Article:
Document Type

Article

Publication Date

2005

Abstract

As a cure for what ails democracy in a pluralistic modem society, such as ours, Michael Sandel recommends "dispersing" sovereignty to a "multiplicity of [civic republican] communities--some more, some less extensive than nations." He intimates that doing this "may entail according greater cultural and political autonomy to subnational communities," which, in turn might "ease the strife that arises when state sovereignty is an all-or-nothing affair, absolute and indivisible, the only meaningful form of self-determination." He sees in federalism not just a "theory of intergovernmental relations," but a "political vision" that "self-government works best when sovereignty is dispersed and citizenship formed across multiple sites of civic engagement." Although Sandel appears not to have had American Indian tribes in mind when he made these comments, his thoughts have interesting implications for tribes, whose members have retained separate cultural and political identities despite concerted efforts to assimilate them into American society.

This article uses Michael J. Sandel's twin concepts of a civic republican polity and dispersed sovereignty as a starting point for developing a theoretical justification for returning greater political and cultural autonomy to tribes. Republican thinking contains some very useful principles for the cause of enhanced tribal sovereignty. These principles should be persuasive because of the important role they played in the founding of this nation and their continuing relevance to theoreticians struggling to find a harmonic place for difference in our democratic society. However, there is a need to find a way to do this without destabilizing the country's capacity to govern or creating separate racial homelands for tribes. The article suggests that granting tribes a constrained power to nullify laws and policies that diminish their sovereignty may offer a structural solution that assures the continuation not only of Indian tribes as vibrant, unique cultures, but also of the United States as a nation and as a robust, pluralistic, tolerant democratic society. "[T]he moral independence of local nomic communities is not a burden to be tolerated or overcome, but is, instead, an essential part of how we build personal integrity and moral freedom as rooted, situated, and well-constituted selves." In order to reach the article's goal of proposing a new theoretical foundation upon which to build solutions to the problem of tribal sovereignty, much ground must be covered. Part II starts this journey by looking briefly at modern conceptions of sovereignty to see whether granting tribes enhanced sovereignty within the United States would offend archetypical notions of sovereignty. Finding it would not, part II concludes that there is much to be gained by tribes, if they were to succeed in their quest. Part III discusses the basic elements of tribal sovereignty, identifies its principal theoretical sources, and then briefly describes its status at the start of the fifth century of contact with non-Indians. Part III concludes that, despite centuries of ill-conceived federal policies and destructive Supreme Court decisions that have weakened the theoretical sources of tribal sovereignty, Indian tribes have retained sufficient core elements of what it means to be sovereign, as described in part II, to qualify objectively as sovereign entities. Part IV acquaints the reader with classical and contemporary republican principles and discusses three such principles that provide particular support for a more robust tribal sovereignty than exists today, as well as one that might undermine it. Part IV of the article shows that Indian tribes not only deserve and need enhanced self-governing authority to protect what is unique about their communities, it also demonstrates that, despite everything that has happened to them, the tribes have retained sufficient cultural, political, and even territorial separation to qualify as repositories of Sandel's downward dispersed sovereign authority. Part V acknowledges the problems that recognizing difference as a basis for separate sovereignty pose to our national norm of a blended society--as well as to any notion of territorial integrity. However, it argues that modem republican thinking, particularly Sandel's multiply-situated citizen and Frank Michelman's dialogic deliberation, assures the survival of both.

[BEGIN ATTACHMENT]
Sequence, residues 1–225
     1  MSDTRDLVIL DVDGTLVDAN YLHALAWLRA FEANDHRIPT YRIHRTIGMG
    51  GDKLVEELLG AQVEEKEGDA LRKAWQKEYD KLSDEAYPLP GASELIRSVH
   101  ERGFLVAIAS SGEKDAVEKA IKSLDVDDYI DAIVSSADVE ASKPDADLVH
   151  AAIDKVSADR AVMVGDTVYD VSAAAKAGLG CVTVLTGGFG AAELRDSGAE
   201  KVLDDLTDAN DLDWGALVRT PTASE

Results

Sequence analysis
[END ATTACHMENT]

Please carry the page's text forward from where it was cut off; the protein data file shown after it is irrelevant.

It is not enough to establish a theoretical basis for reinvigorated tribal sovereignty. A practical means for its exercise must be found. Otherwise, the painful history of Indian tribes in this country may still end with their disappearance. Accordingly, part VI examines various practical solutions to the problem of tribal sovereignty and finds each of them wanting in some aspect. The article proposes that tribes be allowed to exercise a constrained power to nullify (or opt out of) laws that diminish their sovereignty. Part VI ends with a brief discussion of how the application of republican principles might make this result palatable to both Congress and the Court.

Publication Citation

2005 Utah L. Rev. 443-571